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Pick three reporters; leave the rest home

I am suffering in the very back seat of Press Bus II. A chemical smell from the toilet has given everyone a headache. Around me a half-dozen people chatter into cellular telephones. Somewhere six or seven buses ahead is Bill Clinton. I wonder if his bus smells bad, too.

The whole caravan lurches to a sickening halt. We will make an "impromptu" stop at a community college. Never mind that the roadside marquee says "Welcome Gov. Clinton," or that the local cable-TV station has arranged coverage, or that the Bush campaign has organized a protest. Impromptu.

We pile out into a fog of carbon monoxide. A speck a few hundred yards ahead might be Clinton's head. You can tell because it is surrounded by boom microphones. He shouts into a piece-of-junk sound system.

"Awwwk mfh ggg," the Clinton-speck says. The crowd cheers.

Jack Germond _ THE Jack Germond, Jack-o, Jack-ee, Jack-a-randa _ WRONG! _ of McLaughlin Group fame stands next to me. He is trying to bum a cigarette from somebody. He is shorter than he looks on TV.

In fact, everybody in the press is shorter than they look on TV. A network bigshot reporter. A well-known Washington Post reporter. We are buses full of little Napoleons, chasing a politician across northern Florida.

"Ggggg strrrg!" the speck says. The crowd cheers.

It takes a dozen buses for Bill Clinton to campaign. He and Hillary and Al and Tipper have a bus, of course. There also are two staff buses, two VIP buses and seven press buses, plus the occasional automobile, and an escort of troopers and local police wherever we go.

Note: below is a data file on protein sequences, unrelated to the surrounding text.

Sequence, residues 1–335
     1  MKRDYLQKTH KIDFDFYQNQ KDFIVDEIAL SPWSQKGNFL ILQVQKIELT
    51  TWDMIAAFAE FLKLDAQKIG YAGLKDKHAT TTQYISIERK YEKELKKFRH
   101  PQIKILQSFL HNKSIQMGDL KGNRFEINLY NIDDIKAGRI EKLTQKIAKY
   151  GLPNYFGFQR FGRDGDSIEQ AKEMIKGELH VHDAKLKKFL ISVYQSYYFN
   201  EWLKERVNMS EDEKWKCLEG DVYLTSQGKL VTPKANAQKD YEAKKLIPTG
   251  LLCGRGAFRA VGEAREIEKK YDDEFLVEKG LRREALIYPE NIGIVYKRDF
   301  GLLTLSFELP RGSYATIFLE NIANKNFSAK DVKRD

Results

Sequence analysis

There are hundreds of reporters. Every national newspaper and network, and many of the major ones around the world. Every Florida newspaper. Regional newspapers from around the country. Dozens of photographers.

With Democratic efficiency, I am listed as a photographer. I ride the photographers' bus instead of the stuffy reporters' bus. Someone has produced a supply of Walt Disney souvenirs. From my back seat, as I clutch my temples and gag at the fumes, I stare hopelessly across a sea of bobbing Mickey Mouse ears.

At every stop we leap from the buses and rush to smother Clinton, in case that is the very moment, after years of campaigning, that he decides to utter an obscenity, or snap at Hillary, or take a poke at a protester. He never does.

Gore always speaks first at these stops. The first time you hear his speech it is cute. The 12th time it is not. I cannot bear ever again to hear him say that if George Bush made a movie, the title would be, Honey, I Shrunk The Economy, or that the sequel would be, Honey, I Blew Up The Deficit.

You never get close to Clinton. There are no intimate conversations with him as the scenic countryside rolls past. Once, in the middle of a crowd, I turned around and almost bumped into him. He nodded. A nod. My sum contribution to the coverage of the campaign. A Secret Service agent shoved him into the bus.

Monday night, in Ocala, Clinton and Gore sat down on a makeshift, outdoor television set for Larry King Live. King sported his suspenders around the press building. He is shorter than you might think, too. It must mean something.

Something like 300 of us sat in a concrete bunker a few hundred feet away, at folding tables and chairs, eating Sonny's Real Pit Bar-B-Que and watching Larry King Live. Three hundred people, paid by the giant organs of journalism to watch television.

It was eerily quiet except for the clacking of the keys of portable computers. Every now and then someone would speak and a dozen reporters around him would go, "Shhh!" and go back to their typing. The First Amendment at work.

There is no need for this. The American people are not served better by 300 reporters than, say, three. We could draw straws. The losers would have to ride the bus. The rest could go home and write about things that mattered.

Here was one thing worth seeing: Everywhere the buses went, the roads were lined with people cheering and waving. Parents lifted their children in the air. Floridians by the thousands, even those with Bush signs, took the time and trouble to come to get a glimpse of Bill Clinton's bus. They were smiling, and enthusiastic, and the fact so many people cared made me feel, well, better.